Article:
MAUREEN BURNS: How are we doing?

By Maureen Burns • Last Updated 12:45 am on Saturday, January 21, 2012

I was talking with Doug Robbins who owns Radio Shack and Robbins Book List. We were chatting about books. I mentioned one about Vietnam and he said how the war ended before he was old enough to really be aware of it. That struck me.
Vietnam was such a big, horrible thing in our lives that I forget that it is truly just history to most of the adults alive today. Vietnam ended in 1975.
This week we celebrated the work of Martin Luther King Jr. as a national holiday. That is likely just history, too, to most Americans alive today. But I remember living through the work of Dr. King.
I remember having a friend, Dorothy, come to our wedding. Dorothy was my first black friend. We worked together in an office in Grand Rapids. I was excited to have her as a friend. I had never known any blacks, really. In Coopersville, I don’t think there were any. When I met Dorothy, she invited me to her home for dinner. I remember we had sweet potato pie, my first taste of that. I also remember how very kind and inviting her mother was to me.
That was the ’60s. Race problems and riots were common in the nightly news. Martin Luther King was leading his odd nonviolent movement. As violence had always been a tool used in these circumstances, his philosophy was hard to understand.
I think of that time. I think of that movement. I am struck by their non-violent grounding. I am pretty sure I wouldn’t have thought of going about it that way. I think I might have been drawn more to the eye for an eye philosophy. But as Gandhi said, “If we all live by an eye for an eye and a leg for a leg, everyone will end up blind and without legs.” Hmmm. Good point, Gandhi.
Race, sadly, is still an issue in so many ways. I often try to imagine what it must feel like to be black in a room full of white people.
Sunday we had a black priest from Africa. He did a wonderful job and was a great man — you could tell. But there he was, up at the pulpit, talking to a church full of only white folks. There are many times that I am aware of these situations and I always wonder how they feel when they are still a minority in cases like this.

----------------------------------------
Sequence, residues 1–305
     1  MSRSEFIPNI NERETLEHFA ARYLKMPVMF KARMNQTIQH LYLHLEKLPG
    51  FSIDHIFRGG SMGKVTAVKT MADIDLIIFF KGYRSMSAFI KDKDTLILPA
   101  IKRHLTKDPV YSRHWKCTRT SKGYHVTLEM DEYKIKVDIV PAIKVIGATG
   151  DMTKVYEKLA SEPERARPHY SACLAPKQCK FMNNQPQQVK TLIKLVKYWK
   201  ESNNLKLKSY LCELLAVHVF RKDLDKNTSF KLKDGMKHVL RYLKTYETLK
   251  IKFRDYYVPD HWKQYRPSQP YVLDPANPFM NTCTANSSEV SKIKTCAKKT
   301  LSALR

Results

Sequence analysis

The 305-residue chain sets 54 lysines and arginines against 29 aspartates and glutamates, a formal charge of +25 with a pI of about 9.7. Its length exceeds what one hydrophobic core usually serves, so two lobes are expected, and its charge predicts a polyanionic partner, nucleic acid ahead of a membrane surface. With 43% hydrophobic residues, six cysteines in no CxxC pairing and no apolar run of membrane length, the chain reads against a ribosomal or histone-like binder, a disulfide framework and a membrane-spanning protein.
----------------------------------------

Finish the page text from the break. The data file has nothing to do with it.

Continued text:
Minority is always palpable when you are the minority. I lived as a minority with my religion. It didn’t feel good. I have worked at times as a minority, being female in a male working world. It has not always felt good or fair. Sometimes, now, I feel in a minority with my age. That doesn’t always feel good either.
I think we are doing much, much better than we did previously in these areas. However, in many ways there is still room for improvement.
I have been on a golf course in the area and heard the foursome in front of me using the “N” word. I have been at a local restaurant and heard the guy in the booth behind me saying horrible racist things. What upset me the most about that one was he had children with him.
But, I see hope, too. I remember when my grandson had a young black friend and never seemed to notice that they had different color skin. Hope is beautiful when you see it as reality.
So, this week we celebrated the birthday of Martin Luther King Jr. We closed banks and didn’t get our mail. Hopefully, we also took it a step further and did some evaluating of where we are with our own little worlds, where we are with our great big world, and if there are any changes we could make to refine the way things are today.
We profess we believe in racial equality. That must go further than thinking. It must also go into how we act, how we treat others and if we respect others. Are we where we want to be as a society? Are we where we want to be as a community? A family? An individual?
Once Mahatma Gandhi was asked what he thought of Western civilization. He replied, “I think it would be a good idea.” I’m sure we all agree.

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